ECS 120 Lesson 21 – Mapping Reducibility
Oliver Kreylos
Friday, May 18th, 2001
In the last two lectures, we have successfully used reduction techniques
to prove several problems undecidable. Today we are going to reﬁne our un
derstanding of reducibility, to be able to apply these techniques to a broader
class of problems.
1
Computable Functions
Until now, we only looked at Turing Machines as acceptors of languages:
When given an input word
w
∈
Σ
*
, a machine
M
either accepts the word or
rejects (or loops). In other words, we viewed Turing Machines as computing
functions
f
M
: Σ
*
→ {
accept
,
reject
}
. In doing so, we ignored the fact that
Turing Machines leave some string on their work tape when they ﬁnish. This
becomes obvious from our deﬁnition of computation: A Turing Machine
M
accepts a word
w
, if and only if the initial conﬁguration (
±, q
0
, w
) is related
to an accepting conﬁguration (
u, q
accept
, v
), where
u, v
∈
Γ
*
are arbitrary
strings. By shifting our focus from the acceptance to the string left behind on
the work tape, we can view Turing Machines as
transducers
(“computers”)
by deﬁning their output as follows: If a Turing Machine
M
halts (either
accepting or rejecting), and the current tape content is a string
xγ
1
γ
tt
. ..
,
where
x
∈
Σ
*
,
γ
∈
Γ
*
, and
γ
1
∈
Γ
\
Σ is a character not in the input alphabet,
then the
output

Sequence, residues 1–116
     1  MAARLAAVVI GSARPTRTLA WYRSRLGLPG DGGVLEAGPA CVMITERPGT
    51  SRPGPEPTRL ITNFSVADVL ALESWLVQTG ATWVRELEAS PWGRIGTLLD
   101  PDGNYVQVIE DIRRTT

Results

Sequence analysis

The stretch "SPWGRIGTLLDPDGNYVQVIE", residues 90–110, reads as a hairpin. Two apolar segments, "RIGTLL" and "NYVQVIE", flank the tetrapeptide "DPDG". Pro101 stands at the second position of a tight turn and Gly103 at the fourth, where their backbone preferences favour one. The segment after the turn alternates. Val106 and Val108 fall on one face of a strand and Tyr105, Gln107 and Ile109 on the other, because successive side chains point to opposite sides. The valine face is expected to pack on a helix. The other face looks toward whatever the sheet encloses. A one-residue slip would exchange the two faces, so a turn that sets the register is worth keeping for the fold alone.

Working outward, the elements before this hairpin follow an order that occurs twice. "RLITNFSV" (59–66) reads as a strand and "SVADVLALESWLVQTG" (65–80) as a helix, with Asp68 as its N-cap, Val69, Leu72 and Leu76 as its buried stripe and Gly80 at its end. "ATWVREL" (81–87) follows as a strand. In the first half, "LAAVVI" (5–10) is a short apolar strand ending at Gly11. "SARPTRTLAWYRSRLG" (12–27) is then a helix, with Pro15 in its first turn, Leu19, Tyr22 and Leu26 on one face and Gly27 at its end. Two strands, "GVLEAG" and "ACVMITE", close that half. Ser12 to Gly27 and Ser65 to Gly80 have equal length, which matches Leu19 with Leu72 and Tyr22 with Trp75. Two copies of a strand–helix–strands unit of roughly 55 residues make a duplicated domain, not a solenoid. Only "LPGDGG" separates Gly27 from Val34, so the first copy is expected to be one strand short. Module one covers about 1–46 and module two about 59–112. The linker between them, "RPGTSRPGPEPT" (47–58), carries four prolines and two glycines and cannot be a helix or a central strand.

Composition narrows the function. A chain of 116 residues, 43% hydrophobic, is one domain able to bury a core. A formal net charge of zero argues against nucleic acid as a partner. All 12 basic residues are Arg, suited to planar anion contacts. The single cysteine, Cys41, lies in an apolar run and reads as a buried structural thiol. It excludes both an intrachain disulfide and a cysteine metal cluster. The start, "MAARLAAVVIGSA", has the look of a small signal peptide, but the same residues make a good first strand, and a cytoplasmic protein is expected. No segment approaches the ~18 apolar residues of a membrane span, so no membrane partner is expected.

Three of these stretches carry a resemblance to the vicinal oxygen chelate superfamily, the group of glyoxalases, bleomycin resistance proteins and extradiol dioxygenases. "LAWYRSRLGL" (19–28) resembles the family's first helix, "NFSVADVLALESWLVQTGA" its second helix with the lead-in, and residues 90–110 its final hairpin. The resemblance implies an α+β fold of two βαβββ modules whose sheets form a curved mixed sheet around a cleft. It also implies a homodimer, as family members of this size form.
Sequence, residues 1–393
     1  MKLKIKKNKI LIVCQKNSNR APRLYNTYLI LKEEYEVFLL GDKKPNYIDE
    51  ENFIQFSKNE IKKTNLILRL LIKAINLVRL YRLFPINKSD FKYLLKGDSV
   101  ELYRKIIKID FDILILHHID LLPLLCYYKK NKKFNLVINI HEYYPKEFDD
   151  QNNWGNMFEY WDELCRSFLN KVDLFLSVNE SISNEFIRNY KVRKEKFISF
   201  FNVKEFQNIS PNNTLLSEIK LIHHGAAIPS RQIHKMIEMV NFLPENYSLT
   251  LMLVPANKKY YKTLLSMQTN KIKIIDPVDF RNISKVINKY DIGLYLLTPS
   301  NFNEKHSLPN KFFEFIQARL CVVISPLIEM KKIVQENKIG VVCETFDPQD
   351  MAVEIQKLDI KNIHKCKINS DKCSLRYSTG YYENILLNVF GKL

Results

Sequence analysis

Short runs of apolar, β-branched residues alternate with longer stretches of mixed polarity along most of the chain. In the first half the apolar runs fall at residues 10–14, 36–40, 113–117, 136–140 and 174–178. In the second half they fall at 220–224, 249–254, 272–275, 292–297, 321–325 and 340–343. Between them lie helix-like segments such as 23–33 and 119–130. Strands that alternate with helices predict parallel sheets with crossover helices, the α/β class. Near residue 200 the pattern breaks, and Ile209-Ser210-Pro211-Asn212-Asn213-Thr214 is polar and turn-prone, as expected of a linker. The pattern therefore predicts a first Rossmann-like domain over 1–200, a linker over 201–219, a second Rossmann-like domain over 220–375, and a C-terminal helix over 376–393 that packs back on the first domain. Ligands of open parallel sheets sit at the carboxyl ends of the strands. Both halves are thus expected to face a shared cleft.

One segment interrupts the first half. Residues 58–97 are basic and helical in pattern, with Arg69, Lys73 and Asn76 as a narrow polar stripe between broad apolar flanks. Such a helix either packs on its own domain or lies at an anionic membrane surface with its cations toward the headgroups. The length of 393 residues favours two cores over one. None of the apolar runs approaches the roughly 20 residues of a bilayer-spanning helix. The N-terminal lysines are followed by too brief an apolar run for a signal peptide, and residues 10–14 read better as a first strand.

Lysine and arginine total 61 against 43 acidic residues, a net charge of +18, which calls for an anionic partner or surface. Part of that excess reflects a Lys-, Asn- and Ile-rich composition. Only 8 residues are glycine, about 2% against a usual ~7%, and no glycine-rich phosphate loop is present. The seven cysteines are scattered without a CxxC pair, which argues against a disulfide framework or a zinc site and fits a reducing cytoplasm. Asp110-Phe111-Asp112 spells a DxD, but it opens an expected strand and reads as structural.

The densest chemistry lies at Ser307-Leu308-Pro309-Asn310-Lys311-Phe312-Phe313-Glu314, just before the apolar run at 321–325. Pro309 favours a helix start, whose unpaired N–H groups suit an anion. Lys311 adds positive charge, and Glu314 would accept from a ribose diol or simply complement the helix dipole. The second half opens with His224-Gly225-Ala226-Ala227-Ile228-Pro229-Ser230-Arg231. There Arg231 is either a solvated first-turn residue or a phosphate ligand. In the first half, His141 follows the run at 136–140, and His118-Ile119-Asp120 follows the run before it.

of
M
is the string
x
. In other words, we consider as output
the longest preﬁx of the current tape contents on halting that consists only
of input characters. This deﬁnition of output is similar to the deﬁnition of
input of a Turing Machine: The input word
w
∈
Σ
*
consists only of input
characters, and is delimited by the ﬁrst blank character, which is not in Σ.
Using this deﬁnition, the tape content of
M
on halting can directly be fed
1
This preview has intentionally blurred sections. Sign up to view the full version.
View Full Documentinto another Turing Machine, and the second machine’s input would exactly
be the ﬁrst machine’s output.
Since a (deterministic) Turing Machine
M
always produces the same out
put when given the same input, the input and output strings are related by a
function
f
M
: Σ
*
→
Σ
*
: On input
w
, machine
M
produces
f
M
(
w
) as output.
This leads to the following deﬁnition:
Deﬁnition 1 (Computable Functions)
A function
f
: Σ
*
→
Σ
*
is called
computable
, if and only if there exists a Turing Machine
M
that halts on
any input word
w
∈
Σ
*
and produces
f
(
w
)
∈
Σ
*
as output.
We have already encountered transducing Turing Machines and com
putable functions several times, without actually pointing them out as such.
For example, most reduction proofs seen so far consisted of an algorithm
This is the end of the preview.
Sign up
to
access the rest of the document.
 Spring '07
 Filkov
 Halting problem, Turing Machines

Click to edit the document details